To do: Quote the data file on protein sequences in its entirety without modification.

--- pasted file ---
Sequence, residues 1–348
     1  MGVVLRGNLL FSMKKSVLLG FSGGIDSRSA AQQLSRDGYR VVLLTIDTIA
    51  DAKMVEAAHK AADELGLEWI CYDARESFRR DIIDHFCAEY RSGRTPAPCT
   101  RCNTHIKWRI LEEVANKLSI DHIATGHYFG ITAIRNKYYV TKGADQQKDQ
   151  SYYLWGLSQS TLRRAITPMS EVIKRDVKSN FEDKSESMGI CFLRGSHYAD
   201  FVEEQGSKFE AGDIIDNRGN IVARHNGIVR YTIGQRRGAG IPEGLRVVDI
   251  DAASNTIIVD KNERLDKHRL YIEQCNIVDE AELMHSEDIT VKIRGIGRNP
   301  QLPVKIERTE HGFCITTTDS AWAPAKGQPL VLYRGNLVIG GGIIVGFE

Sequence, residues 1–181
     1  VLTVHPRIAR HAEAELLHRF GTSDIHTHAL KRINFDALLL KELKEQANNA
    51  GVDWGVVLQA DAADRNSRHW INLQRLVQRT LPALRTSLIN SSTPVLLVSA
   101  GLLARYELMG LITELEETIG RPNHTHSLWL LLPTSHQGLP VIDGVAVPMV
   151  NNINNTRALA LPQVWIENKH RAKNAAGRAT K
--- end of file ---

Sequence, residues 1–348
     1  MGVVLRGNLL FSMKKSVLLG FSGGIDSRSA AQQLSRDGYR VVLLTIDTIA
    51  DAKMVEAAHK AADELGLEWI CYDARESFRR DIIDHFCAEY RSGRTPAPCT
   101  RCNTHIKWRI LEEVANKLSI DHIATGHYFG ITAIRNKYYV TKGADQQKDQ
   151  SYYLWGLSQS TLRRAITPMS EVIKRDVKSN FEDKSESMGI CFLRGSHYAD
   201  FVEEQGSKFE AGDIIDNRGN IVARHNGIVR YTIGQRRGAG IPEGLRVVDI
   251  DAASNTIIVD KNERLDKHRL YIEQCNIVDE AELMHSEDIT VKIRGIGRNP
   301  QLPVKIERTE HGFCITTTDS AWAPAKGQPL VLYRGNLVIG GGIIVGFE

Sequence, residues 1–181
     1  VLTVHPRIAR HAEAELLHRF GTSDIHTHAL KRINFDALLL KELKEQANNA
    51  GVDWGVVLQA DAADRNSRHW INLQRLVQRT LPALRTSLIN SSTPVLLVSA
   101  GLLARYELMG LITELEETIG RPNHTHSLWL LLPTSHQGLP VIDGVAVPMV
   151  NNINNTRALA LPQVWIENKH RAKNAAGRAT K